High School Confidential
It's a;ways fun to visit with high school kids. You've gotta love the humor, the nuttiness, the innocence, the angst.
Overheard a while back buring lunch in the commons of an area school:
High school guy: “What do you think? Should we just be friends?”
High school girl: “Yeah, I guess. That sounds good.”
That seemed to pretty much settle things between the young folks. Took about 10 seconds. The way it should be.
Lots of kids keep to themselves. They tend not to say much. At least not when the media’s snooping around.
But you visit FFA kids in their native habitat at Kasson-Mantorville High School, and here comes a gregarious fellow, ready to shake your hand.
“Hi, I’m Preston Wilson,” he says, and grips your hand firmly.
Preston is a senior, in his fifth year of FFA. He is eager, earnest, genuine and happy. Ready to answer all questions. He instantly restores your faith in young people.
He hopes to accomplish as much as he can during his time in FFA, “and help everyone along the way.”
“It’s nice to get out of school, and we get to go eat and stuff,” he says. “I’ve made a lot of new friends.”
Including this reporter.
Lori Pagel, the FFA advisor for 21 years, is obviously crazy about these kids, too. They learn fast and well, and they’ll volunteer in a second to help your cause.
It must be what makes she and her fellow teachers return, year after year.
“It’s amazing, if they’re willing to take that adventure on, the experiences that they can get, and the amount of growth that happens,” she says. “Some do it for leadership or social skills. Some really have a desire to do this as a career. I think that’s really overwhelming to me, to be able to work with such a dynamic group.”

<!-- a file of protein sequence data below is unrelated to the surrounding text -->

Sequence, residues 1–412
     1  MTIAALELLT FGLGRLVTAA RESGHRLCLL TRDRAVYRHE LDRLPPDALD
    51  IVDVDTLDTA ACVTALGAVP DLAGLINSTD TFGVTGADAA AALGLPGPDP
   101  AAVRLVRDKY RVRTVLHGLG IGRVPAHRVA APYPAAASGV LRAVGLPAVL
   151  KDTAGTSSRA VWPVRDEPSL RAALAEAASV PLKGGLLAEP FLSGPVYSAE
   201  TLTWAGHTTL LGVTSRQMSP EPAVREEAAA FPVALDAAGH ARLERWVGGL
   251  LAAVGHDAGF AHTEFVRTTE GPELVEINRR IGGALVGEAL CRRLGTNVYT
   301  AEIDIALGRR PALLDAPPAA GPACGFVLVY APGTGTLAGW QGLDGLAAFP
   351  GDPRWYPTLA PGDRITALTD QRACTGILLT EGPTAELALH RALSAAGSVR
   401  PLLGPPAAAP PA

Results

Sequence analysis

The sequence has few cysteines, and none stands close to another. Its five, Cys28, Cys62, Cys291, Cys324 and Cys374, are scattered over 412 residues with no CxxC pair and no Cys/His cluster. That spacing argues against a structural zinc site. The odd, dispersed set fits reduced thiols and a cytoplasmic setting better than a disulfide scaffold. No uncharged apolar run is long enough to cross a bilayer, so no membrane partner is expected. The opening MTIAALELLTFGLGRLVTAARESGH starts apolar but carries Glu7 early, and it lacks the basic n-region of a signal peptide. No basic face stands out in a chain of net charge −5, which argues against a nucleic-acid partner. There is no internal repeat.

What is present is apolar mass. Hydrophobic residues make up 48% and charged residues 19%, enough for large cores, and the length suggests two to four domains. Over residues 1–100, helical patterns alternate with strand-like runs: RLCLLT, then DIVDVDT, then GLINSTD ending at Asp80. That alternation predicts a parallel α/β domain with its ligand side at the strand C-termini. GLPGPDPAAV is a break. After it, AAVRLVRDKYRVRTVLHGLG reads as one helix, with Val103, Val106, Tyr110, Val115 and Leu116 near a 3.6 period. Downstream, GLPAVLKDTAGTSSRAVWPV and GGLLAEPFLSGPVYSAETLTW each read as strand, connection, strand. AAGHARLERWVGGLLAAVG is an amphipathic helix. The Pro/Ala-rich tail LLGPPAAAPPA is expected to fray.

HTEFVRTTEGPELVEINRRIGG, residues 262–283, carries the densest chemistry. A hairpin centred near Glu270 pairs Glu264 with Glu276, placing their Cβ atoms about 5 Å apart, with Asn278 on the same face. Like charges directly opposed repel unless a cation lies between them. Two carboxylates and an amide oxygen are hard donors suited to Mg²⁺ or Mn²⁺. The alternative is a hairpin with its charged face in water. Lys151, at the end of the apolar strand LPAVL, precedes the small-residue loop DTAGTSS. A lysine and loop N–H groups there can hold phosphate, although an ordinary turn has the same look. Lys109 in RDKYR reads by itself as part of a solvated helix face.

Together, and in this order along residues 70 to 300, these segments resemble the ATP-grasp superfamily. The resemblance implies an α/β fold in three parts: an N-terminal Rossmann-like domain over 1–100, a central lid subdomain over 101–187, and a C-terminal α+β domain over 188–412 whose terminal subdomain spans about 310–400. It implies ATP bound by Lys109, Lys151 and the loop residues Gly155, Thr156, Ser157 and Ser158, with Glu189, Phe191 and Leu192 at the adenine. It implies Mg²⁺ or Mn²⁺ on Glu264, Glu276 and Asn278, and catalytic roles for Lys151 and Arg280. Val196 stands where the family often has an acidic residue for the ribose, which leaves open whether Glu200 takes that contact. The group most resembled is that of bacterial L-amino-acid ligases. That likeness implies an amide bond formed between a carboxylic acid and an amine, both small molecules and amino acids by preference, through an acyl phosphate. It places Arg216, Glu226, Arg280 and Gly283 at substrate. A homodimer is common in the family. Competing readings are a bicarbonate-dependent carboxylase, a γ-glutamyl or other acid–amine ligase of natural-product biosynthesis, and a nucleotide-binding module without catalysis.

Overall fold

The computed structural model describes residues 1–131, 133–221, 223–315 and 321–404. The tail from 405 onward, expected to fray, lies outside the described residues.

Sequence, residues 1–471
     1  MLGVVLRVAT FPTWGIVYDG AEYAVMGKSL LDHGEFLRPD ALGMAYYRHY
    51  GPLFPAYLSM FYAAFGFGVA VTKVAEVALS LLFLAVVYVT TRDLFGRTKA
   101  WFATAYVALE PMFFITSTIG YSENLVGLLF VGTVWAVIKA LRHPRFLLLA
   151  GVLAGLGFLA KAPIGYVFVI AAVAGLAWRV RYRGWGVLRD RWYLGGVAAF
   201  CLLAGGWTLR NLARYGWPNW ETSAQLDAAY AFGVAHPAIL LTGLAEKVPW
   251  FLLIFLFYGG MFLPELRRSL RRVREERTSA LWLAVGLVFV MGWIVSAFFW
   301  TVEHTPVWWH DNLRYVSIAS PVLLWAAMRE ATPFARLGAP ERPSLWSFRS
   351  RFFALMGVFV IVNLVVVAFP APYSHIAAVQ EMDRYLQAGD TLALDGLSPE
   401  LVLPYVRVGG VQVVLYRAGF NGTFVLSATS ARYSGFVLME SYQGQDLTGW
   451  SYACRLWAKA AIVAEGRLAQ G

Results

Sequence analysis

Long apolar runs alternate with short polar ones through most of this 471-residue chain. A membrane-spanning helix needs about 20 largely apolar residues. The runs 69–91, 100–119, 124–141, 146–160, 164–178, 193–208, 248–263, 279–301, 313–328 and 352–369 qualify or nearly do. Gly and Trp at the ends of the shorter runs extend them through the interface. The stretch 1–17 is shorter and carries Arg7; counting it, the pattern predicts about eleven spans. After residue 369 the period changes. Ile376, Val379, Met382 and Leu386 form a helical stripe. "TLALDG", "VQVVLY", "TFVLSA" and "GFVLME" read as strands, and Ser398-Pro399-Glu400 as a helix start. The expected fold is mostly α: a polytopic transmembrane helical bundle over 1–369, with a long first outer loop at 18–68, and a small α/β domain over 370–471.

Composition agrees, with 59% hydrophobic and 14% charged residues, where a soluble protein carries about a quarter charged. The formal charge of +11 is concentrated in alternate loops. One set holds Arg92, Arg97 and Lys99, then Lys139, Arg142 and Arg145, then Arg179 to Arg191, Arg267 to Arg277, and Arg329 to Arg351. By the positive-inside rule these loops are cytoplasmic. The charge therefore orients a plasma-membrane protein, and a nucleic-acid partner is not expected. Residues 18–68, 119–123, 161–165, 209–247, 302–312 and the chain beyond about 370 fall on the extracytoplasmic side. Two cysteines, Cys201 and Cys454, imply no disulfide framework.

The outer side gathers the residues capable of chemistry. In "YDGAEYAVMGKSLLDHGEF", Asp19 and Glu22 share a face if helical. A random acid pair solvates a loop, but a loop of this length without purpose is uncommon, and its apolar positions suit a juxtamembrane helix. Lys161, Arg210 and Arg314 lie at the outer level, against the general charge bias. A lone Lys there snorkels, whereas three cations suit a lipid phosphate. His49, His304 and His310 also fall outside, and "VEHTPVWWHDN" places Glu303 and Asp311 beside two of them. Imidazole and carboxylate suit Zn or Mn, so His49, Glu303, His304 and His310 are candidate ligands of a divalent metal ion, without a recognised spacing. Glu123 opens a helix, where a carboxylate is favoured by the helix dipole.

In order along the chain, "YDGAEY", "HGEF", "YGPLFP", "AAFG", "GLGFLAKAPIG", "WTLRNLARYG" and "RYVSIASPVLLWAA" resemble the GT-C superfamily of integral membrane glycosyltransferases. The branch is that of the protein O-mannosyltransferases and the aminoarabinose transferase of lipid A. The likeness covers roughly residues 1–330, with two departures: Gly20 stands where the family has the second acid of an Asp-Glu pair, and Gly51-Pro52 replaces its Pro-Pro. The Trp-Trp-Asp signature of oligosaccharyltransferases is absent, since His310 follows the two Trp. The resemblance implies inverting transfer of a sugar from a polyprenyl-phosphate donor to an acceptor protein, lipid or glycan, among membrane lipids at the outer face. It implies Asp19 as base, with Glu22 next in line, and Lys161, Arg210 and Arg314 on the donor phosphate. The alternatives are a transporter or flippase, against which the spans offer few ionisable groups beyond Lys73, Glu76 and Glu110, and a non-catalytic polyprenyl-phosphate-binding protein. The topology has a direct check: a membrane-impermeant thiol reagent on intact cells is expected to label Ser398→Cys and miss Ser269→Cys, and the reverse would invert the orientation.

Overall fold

The same fun story plays out in the music department, the drama department, the shop class area, the front office – pretty much wherever you roam at K-M, and of course in the Triton schools in Dodge Center, and at Hayfield High and Byron High and all around our region.
If you’re lost, a passing teen will point you in the right direction – might even just stop what he or she is doing and take you where you need to be.
They want to make sure you’re OK.
Not to worry: most of these Leaders of Tomorrow will be excellent.
But they’re growing up so fast, we should appreciate the wild teen spirit before it fades in the face of The Real World.
School board meetings tend to center around off-the-charts technical language regarding TAP grants, ACTs, SATs, PSATs, “modalities” (the hot new buzz word), and financial and legal concerns.
In the end, after all that complicated, late-night back-and-forth, it’s all about what’s best for the kids, like Tim Moenning, Preston Wilson’s FFA counterpart at Triton, who is just as kind and earnest and genuine and high-achieving.
Those parents are doing something right.
It’s a rough old world out there, getting really dangerous in spots, but they’re raising kids who’ll weather the storm.
Here’s to our kids, and the folks who help raise them.
May they all be FFA kind, and wise beyond their years.
You go, Preston Wilson.